An extreme performance new electric vehicle (EV) platform from Williams Advanced Engineering (WAE) could cut development timescales for high-end cars by an entire year.
Designed to provide a ‘tried and tested’ platform for hypercar manufacturers to build upon, the EVR platform was revealed to a small group of journalists at the firm’s headquarters in Grove, Oxfordshire, ahead of the Cenex Low Carbon Vehicle (LCV) show this week.
Including a central carbon fibre structure, battery pack, steering, and adjustable sub-frames and number of motors, the platform could cut typical three-year development projects down to two years or less, WAE claimed.
While the entire platform has only undergone virtual testing so far, individual components such as the battery pack and the powertrain unit have gone through intense testing separately, providing a strong basis of knowledge and experience for automotive start-ups and OEMs to build from.
“EVR is taking everything we know about performance cars, the electrification of performance cars, and providing a common platform,” said technical director Paul McNamara.
“What we’re saying to customers is ‘We’ve done all the basic testing of components, we have a platform ready to launch, we’ve saved you something like 12 months if you’re starting from scratch.’”
Unlike the firm’s previous FW-EVX concept, which stored batteries in the base of a skateboard-style platform, the EVR mounts the high-performance battery system in the middle of the vehicle, behind the driver and passenger seats.
“What this new platform really gave us the opportunity to do was to design the top and the rear structure around the structural contributions of the battery,” said technical lead and senior integration engineer Chris McCaw. The placement is designed to optimise the centre of gravity, as well as increasing rigidity of the rear of the vehicle.
The battery itself stores 85kWh and has peak power of 1,650kW, featuring fast charging in less than 20 minutes and a range of more than 450km (279 miles).
Projected performance specifications for cars built on the platform are at the extreme end of the scale – 0-100km/h in less than two seconds and top speed of 400km/h (248mph) with a vehicle mass less than 1,800kg.
The platform can support a range of configurations, WAE said, from track-only vehicles with maximised power-to-weight ratios, to roadgoing models with convertible or fixed roofs. Depending on the configuration, an EVR car might have 2,200-plus horsepower.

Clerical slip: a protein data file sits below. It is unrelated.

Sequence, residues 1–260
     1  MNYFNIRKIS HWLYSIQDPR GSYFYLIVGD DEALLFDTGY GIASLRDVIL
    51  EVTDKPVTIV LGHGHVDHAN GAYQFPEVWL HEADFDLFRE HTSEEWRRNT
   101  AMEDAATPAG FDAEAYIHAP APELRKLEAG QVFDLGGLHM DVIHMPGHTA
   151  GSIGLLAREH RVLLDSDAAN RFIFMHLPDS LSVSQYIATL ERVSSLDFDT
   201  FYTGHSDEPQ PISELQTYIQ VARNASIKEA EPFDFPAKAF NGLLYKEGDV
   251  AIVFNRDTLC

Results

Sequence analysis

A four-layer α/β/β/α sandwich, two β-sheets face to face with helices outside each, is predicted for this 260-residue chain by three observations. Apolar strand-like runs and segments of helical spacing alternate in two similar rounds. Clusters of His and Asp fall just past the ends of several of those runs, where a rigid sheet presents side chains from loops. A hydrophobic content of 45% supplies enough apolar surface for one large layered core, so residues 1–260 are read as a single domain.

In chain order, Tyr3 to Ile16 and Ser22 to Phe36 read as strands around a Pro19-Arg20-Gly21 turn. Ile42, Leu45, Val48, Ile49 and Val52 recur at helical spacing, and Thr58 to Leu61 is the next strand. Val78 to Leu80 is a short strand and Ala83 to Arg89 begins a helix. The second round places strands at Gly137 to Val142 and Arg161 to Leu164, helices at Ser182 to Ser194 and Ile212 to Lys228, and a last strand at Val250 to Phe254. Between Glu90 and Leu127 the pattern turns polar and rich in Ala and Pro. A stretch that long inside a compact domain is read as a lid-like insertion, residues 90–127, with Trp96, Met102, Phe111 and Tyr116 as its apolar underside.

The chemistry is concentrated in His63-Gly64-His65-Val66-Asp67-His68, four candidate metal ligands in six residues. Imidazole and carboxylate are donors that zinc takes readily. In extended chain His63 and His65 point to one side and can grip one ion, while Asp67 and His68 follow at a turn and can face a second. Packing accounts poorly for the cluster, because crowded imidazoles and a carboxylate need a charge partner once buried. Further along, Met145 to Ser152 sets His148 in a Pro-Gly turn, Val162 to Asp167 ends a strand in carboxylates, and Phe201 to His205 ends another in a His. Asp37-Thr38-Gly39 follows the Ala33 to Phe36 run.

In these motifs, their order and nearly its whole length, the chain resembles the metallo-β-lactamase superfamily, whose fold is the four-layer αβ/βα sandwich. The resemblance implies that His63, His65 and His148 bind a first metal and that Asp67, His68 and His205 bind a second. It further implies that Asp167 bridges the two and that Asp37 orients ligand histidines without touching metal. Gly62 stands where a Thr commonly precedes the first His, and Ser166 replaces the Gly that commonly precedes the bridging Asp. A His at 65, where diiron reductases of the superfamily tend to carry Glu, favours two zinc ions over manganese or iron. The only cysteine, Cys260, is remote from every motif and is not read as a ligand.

There will be bespoke options for adding sensors, but the platform already includes sensors that contribute to vehicle dynamics – two accelerometers are built-in, for example, for state estimation of slide going through a corner. WAE-developed technology including optimised Battery Management Systems (BMS) and advanced torque vectoring could be included in future cars, which will be built at low-volume.
“For start-ups, EVR provides a complete turnkey solution, with WAE delivering the entire vehicle, with exterior design support supplied by the customer or a WAE partner. For OEMs, EVR accelerates route to market, with the entire engineering and assembly of the rolling chassis completed by WAE,” the company said.
McNamara said: “EVR combines WAE’s exceptional expertise in motorsport-bred lightweight, composite structures and high-performance battery powertrains with our knowledge in developing and delivering electric vehicle programmes. It rapidly accelerates high-performance electrification, offering a turnkey solution for both start-ups and OEMs with an affordable business case, reduced time to market and a highly flexible architecture.”
Billed as a car that is ‘designed in Austria, made in Italy, electrified in the United Kingdom’, the Deus Vayanne gives an early glimpse of what an EVR-powered electric hypercar could look like. The vehicle will go into production in 2025.
A fuel cell variant of the EVR platform is also being developed, with the aim of providing equivalent performance powered by ‘green’ hydrogen.
Extracted from IMechE website - read more here